For more information about the Museum of the American Railroad, visit HistoricTrains.org, Friend us at Facebook.com/HistoricTrains, and follow us on Twitter @HistoricTrains. Additional information about the Museum’s Santa Fe Collection can be found here.

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Harry Nicholls


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 Post subject: Re: news from Frisco, TX.
PostPosted: Thu Nov 05, 2015 10:34 pm 

Joined: Tue Apr 20, 2010 10:49 am
Posts: 252
Location: Cambridgeshire UK
Is this the same as the late Sam Freeman for Florida East Coast 148 / Black River & Western / Reading 2101 / Adirondack Railroad fame?


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 Post subject: Re: news from Frisco, TX.
PostPosted: Fri Nov 06, 2015 10:37 am 

Joined: Tue Aug 24, 2004 6:51 pm
Posts: 132
Yes. Sam was also Michigan Northern Railway's sole preferred shareholder. He had some interesting tales as an artillery spotter in a Piper Cub during WWII. I had occasion to look up his foundation. It had donated $25 million in one year for medical research.
Alex Huff


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 Post subject: Re: news from Frisco, TX.
PostPosted: Fri Nov 06, 2015 1:54 pm 

Joined: Sun Aug 22, 2004 11:26 am
Posts: 3944
Location: Maine
Good to see the AT&SF collection being distributed appropriately. I do hope that somewhere there is a grant to rebuild the ALCO PA!

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"It's only impossible until it's done." -Nelson Mandela


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 Post subject: Re: news from Frisco, TX.
PostPosted: Fri Nov 06, 2015 7:41 pm 

Joined: Sun Aug 22, 2004 3:37 pm
Posts: 1091
Location: Pacific, MO
Its a shame that somebody didn't rescue the two ATSF steam locomotives that went there from Belen. At that time, with the regulations in effect back then, I would think one or both of them could have been steamed up with a minimum of effort.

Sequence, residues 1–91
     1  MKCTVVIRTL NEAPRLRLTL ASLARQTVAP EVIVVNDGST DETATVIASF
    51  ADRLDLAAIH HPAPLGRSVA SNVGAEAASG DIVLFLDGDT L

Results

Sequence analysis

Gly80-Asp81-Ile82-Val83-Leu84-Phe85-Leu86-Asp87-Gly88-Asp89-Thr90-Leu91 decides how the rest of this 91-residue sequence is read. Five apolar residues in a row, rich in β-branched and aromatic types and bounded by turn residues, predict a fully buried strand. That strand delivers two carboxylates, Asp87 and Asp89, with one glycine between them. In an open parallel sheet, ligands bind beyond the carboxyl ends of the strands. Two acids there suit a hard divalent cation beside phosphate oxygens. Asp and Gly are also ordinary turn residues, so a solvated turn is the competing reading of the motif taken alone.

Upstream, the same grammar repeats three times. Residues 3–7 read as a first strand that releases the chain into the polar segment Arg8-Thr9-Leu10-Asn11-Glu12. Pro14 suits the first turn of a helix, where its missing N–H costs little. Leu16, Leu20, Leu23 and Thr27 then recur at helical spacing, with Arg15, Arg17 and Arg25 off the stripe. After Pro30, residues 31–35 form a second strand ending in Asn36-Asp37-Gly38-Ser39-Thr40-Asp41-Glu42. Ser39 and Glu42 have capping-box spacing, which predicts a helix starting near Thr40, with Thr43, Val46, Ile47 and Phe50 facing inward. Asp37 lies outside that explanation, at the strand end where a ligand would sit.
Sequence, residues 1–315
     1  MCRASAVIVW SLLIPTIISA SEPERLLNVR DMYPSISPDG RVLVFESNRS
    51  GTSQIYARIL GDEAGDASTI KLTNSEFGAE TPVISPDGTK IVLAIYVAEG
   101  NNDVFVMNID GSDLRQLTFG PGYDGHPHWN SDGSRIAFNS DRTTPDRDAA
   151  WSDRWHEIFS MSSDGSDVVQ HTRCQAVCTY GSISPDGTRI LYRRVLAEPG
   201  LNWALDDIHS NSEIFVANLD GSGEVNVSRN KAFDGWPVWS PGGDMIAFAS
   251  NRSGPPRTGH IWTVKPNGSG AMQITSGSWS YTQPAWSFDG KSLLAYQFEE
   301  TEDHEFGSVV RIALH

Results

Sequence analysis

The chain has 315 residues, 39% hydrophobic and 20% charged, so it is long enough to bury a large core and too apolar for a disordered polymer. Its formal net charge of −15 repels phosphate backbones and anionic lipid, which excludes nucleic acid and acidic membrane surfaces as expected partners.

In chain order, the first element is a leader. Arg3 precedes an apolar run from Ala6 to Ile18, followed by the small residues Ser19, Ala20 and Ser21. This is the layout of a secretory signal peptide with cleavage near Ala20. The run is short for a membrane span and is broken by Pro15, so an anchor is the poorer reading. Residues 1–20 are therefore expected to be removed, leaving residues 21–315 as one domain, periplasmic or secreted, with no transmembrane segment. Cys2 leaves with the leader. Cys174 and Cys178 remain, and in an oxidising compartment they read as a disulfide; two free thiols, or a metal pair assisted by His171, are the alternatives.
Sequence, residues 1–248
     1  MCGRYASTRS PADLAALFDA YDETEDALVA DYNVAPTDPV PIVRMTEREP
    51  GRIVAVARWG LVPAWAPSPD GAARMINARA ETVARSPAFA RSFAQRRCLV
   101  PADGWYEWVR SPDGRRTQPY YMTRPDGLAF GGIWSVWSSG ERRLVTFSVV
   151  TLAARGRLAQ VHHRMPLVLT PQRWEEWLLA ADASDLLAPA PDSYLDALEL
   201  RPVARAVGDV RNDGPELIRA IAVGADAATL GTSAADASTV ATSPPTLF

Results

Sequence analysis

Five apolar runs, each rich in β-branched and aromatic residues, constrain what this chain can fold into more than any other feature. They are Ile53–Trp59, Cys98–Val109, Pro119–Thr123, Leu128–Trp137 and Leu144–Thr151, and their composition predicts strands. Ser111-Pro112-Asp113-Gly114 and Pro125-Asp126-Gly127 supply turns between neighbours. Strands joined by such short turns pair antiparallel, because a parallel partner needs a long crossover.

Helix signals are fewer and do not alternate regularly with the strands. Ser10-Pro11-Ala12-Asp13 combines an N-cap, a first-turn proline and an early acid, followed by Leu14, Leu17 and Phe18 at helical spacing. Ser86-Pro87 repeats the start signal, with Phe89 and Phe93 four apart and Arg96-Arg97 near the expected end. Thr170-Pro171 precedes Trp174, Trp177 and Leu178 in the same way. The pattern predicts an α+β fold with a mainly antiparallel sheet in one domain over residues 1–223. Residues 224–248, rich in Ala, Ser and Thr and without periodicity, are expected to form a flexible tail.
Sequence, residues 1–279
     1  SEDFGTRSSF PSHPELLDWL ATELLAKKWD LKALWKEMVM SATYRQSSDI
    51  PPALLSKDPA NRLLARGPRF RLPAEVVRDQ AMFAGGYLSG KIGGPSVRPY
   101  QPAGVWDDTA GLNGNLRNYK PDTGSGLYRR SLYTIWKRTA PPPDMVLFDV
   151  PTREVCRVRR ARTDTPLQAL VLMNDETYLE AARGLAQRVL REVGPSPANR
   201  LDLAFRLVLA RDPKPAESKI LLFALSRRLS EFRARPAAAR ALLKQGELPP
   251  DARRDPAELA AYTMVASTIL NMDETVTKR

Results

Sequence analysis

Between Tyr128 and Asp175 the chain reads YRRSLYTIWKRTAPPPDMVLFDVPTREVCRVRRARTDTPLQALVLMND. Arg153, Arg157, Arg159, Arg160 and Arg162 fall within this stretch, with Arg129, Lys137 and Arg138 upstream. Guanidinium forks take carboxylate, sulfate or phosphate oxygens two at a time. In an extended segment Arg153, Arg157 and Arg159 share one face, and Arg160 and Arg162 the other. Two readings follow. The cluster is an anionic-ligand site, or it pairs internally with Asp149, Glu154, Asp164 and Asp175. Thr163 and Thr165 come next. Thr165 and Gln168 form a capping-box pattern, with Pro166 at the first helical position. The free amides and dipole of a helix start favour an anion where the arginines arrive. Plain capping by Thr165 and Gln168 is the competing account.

Of course now, the 1472 FRA inspection is in effect.
They were beautiful and full of pigeon guano when they left Belen.


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 Post subject: Re: news from Frisco, TX.
PostPosted: Sun Nov 08, 2015 3:31 am 

Joined: Sun Oct 24, 2010 6:22 pm
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Frisco1522 wrote:
Its a shame that somebody didn't rescue the two ATSF steam locomotives that went there from Belen. At that time, with the regulations in effect back then, I would think one or both of them could have been steamed up with a minimum of effort.
Of course now, the 1472 FRA inspection is in effect.
They were beautiful and full of pigeon guano when they left Belen.


I've heard two very different stories about those two War Babies! One is that they were 'ready to steam' after years of 'proper' storage, and the other that they were actually taken to Cleburne for survey in the 1970s and found to actually be in sad shape.
I suspect the truth lies somewhere in between, and I also hope they get rescued soon!

CD


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 Post subject: Re: news from Frisco, TX.
PostPosted: Sun Nov 08, 2015 10:57 am 

Joined: Sun Aug 22, 2004 3:37 pm
Posts: 1091
Location: Pacific, MO
I believe the former story. They were stored properly, dry, in a roundhouse and moved monthly to keep things loose. A friend who knows very well what he's talking about said that he and another experienced steam person visited and inspected them and other than expired flue time (from being OOS) a good guano washing, a good hydro and they were serviceable.
They took the 4-8-4 to Cleburne with the idea of firing her up, but after padding numbers came up with a large figure to do it. I don't think they were that interested in restoring it, so the best way to avoid it is to jack the cost way up.